Robot & Frank Review

Robot & Frank is a must see bromantic comedy.

Granted, one half of this odd couple is the aforementioned robot, but it just goes to show humanity and friendship can be found in the most peculiar of places.

Robot & Frank tells the story of retired con-man, Frank, played by Frank Langella, whose grasp on reality is slipping through his once sticky fingers.

His James Marsden shaped son Hunter is so frustrated by Frank’s declining mind and constantly chaotic house, he buys a top end health-care Robot to look after his dad.

At first annoyed by his Robot’s persistent presence and regimented scheduling of his life, Frank seeks a way to get his unwelcome new toy out of the house.

Yet during their trip to town, the Robot shoplifts a sculpted bar of soap thanks to a lack of pre-programmed directives, and Frank realises he may just have the perfect partner in crime.

So begins Frank and the Robot’s journey into geriatric criminality, with said machine only agreeing to help after Frank convinces it that this project fulfils his hobby requirement and agrees to lower the salt in his diet.

Their first big target is Jake, the new hotshot in town who’s come to turn the local library and Frank’s safe haven, into a high concept museum.

As Frank plots his burglary, he begins to remember who he is and also discovers compassion and friendship in the most unlikely of places, his Robot.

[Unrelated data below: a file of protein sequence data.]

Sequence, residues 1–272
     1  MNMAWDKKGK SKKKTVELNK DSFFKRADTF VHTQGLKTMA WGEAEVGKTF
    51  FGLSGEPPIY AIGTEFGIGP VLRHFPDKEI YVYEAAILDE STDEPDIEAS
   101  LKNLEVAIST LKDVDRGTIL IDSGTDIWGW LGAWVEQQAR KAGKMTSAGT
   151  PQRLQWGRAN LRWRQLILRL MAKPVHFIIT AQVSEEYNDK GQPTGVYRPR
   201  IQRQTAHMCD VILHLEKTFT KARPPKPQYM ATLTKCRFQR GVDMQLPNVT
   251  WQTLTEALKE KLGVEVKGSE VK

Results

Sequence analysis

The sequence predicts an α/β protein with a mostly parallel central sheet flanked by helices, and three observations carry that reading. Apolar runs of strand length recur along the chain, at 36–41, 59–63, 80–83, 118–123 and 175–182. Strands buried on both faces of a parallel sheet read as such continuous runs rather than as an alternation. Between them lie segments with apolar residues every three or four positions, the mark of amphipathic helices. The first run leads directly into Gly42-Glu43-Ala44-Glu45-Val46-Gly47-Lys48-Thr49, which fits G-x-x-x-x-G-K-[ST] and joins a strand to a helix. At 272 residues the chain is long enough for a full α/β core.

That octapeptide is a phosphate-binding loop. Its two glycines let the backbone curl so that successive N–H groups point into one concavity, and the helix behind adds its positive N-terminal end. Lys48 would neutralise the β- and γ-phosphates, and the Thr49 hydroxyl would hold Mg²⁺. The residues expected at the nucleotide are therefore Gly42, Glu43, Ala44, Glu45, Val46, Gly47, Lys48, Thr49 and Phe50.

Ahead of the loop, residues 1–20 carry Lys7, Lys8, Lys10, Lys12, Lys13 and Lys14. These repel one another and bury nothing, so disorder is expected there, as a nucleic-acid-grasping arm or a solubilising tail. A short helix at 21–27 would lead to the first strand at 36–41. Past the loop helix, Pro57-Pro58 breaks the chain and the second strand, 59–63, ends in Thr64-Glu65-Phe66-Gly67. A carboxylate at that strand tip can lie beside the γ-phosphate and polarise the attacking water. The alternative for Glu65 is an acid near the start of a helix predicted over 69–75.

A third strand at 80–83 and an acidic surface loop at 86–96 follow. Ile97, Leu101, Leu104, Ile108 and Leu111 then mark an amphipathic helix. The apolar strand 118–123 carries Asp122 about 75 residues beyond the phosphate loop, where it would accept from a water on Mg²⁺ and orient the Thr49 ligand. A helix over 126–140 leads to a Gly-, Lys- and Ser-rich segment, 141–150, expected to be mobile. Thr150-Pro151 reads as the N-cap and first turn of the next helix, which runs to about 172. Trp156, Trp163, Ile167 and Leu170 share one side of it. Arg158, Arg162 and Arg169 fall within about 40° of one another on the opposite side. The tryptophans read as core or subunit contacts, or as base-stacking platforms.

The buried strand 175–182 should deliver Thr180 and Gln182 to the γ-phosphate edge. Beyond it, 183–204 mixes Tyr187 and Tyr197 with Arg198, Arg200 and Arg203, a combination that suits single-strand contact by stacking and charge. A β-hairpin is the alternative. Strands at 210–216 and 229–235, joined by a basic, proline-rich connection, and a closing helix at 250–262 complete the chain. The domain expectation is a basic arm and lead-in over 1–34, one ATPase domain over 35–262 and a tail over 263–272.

Supported by Liv Tyler who plays Frank’s absent human rights activist daughter Madison, and Susan Sarandon as the town’s librarian and Frank’s love interest, Robot & Frank is one of the well-crafted films I’ve seen this year.

Much of the film rests upon the chemistry between Frank Langella and the Robot, played by Rachael Ma with Peter Sarsgaard on vocals, but the charming and adorable relationship they begin is both poignant and deeply comical.

Langella’s performance is so perfect that he imbues this Robot with a deep and profound humanity; equally incredible the physicality dancer Rachael Ma brings to the Robot that meshes so perfectly with Peter Sarsgaard’s voice.

Together they bring their machine to life with a tenderness and complexity that far outstrips most human performers.

The dialogue between Frank and his Robot is both witty and believable, often reducing the cinema I was in with the sounds of easy laughter; yet just as quickly as it explores the lighter side of life, so Robot & Frank delves into the heart-breaking reality of a man slowly losing his memory.

It’s this balance between comedy and drama that unsettles the text and makes director Jake Schreier’s film such a joyful and unexpected ride.

With a superb script from writer Christopher Ford added to beautiful direction and ensemble performances, Robot & Frank is an exemplary modern movie.

Shelton Lindsay

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Dates ‘n stuff

March 2013